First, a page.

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Lavender v. Kurn

United States Supreme Court
327 U.S. 645 (1946)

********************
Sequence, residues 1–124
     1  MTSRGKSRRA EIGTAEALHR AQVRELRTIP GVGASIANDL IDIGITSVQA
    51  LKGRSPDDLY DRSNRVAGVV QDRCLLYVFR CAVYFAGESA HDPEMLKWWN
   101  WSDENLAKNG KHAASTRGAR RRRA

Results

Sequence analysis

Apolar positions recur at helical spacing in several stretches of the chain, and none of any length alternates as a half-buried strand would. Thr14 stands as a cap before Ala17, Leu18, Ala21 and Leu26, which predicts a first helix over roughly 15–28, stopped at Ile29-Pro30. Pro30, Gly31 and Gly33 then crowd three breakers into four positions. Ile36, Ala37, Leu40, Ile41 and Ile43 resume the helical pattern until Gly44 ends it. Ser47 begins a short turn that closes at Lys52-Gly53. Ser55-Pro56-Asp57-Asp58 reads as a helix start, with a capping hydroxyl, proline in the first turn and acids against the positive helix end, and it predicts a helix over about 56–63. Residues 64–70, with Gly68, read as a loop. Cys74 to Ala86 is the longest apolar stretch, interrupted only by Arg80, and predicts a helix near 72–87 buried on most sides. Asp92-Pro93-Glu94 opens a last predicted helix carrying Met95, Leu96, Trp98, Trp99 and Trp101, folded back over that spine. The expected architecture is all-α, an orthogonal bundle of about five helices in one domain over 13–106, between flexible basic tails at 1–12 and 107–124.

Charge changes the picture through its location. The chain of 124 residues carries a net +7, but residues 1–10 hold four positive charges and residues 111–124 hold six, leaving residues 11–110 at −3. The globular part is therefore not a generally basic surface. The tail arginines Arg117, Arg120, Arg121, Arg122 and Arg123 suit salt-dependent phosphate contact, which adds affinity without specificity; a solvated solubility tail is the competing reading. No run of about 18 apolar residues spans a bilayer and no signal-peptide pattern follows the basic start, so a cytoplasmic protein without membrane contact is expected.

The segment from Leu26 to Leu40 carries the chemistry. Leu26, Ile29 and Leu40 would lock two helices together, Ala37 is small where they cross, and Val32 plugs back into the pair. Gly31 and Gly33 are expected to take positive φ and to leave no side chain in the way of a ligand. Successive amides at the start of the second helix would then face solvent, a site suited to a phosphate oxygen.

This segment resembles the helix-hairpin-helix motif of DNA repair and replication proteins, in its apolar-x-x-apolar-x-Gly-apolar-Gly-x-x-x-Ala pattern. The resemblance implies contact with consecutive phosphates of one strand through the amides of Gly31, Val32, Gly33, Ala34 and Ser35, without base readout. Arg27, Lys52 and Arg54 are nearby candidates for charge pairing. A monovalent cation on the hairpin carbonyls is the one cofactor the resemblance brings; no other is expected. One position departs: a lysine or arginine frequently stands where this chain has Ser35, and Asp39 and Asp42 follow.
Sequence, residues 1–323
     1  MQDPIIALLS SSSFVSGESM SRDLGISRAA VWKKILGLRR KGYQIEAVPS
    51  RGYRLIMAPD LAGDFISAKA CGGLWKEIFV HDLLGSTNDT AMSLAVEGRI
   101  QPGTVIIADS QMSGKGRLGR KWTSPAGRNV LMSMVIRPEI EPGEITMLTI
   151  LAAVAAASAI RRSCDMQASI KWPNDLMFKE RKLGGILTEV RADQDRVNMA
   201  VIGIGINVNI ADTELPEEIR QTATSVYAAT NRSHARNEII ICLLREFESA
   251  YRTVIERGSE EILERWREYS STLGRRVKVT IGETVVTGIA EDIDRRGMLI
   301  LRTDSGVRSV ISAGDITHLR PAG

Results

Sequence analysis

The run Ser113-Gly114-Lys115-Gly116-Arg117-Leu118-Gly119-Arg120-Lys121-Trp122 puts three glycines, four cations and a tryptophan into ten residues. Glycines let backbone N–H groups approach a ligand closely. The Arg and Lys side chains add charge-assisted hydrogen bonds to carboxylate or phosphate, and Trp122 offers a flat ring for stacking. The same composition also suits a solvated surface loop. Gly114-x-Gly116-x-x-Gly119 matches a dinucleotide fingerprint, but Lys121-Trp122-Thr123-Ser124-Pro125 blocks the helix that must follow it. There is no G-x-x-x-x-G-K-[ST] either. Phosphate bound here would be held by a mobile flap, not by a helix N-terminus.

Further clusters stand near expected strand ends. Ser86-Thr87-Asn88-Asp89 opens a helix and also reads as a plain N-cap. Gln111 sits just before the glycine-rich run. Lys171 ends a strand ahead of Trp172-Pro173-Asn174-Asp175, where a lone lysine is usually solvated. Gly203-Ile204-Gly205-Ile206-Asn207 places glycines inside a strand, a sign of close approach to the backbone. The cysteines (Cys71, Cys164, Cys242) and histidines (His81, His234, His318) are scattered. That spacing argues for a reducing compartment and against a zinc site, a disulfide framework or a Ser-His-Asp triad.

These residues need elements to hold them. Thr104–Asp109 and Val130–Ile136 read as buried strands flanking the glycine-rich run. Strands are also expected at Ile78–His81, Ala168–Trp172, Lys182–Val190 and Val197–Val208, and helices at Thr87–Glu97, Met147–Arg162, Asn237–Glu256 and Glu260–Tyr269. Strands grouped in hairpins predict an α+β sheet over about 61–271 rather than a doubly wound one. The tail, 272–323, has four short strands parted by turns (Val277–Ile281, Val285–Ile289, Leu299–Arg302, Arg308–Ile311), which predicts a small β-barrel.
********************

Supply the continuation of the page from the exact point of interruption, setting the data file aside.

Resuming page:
The administrator of the estate of L.E. Haney (administrator) (plaintiff) brought suit against the St. Louis-San Francisco Railway Company (Frisco) and the Illinois Central Railroad Company (Illinois Central) (defendants) for the death of Haney while he was working one night at a railroad station owned by Illinois Central. Haney was employed by Illinois Central and his job was to throw the switches for Illinois Central and other trains that passed through the station, including Frisco’s. It was very dark the night of his death and there were no eyewitnesses. Haney threw open the switch for a Frisco train that was passing through the station, but the switch was never closed—which was also Haney’s duty—and Haney was later found dead face down with a fractured skull. He had been struck in the back of the head by something. The administrator claimed he was hit in the head by a mail hook hanging off of the Frisco train. There was high and uneven ground along the side of the tracks that at some places (but not all) would put Haney’s head in range of a hanging mail hook. The defendants contended that Haney was murdered and struck in the head by the murderer. There was evidence that tended to show that a hook could not have hit Haney and there were facts that supported an inference that he was murdered. The Circuit Court of the City of St. Louis sent the issue to a jury and the jury returned a verdict in favor of the administrator. The Supreme Court of Missouri reversed the judgment, finding that there were not sufficient facts to support the jury’s conclusion. The United States Supreme Court granted certiorari.

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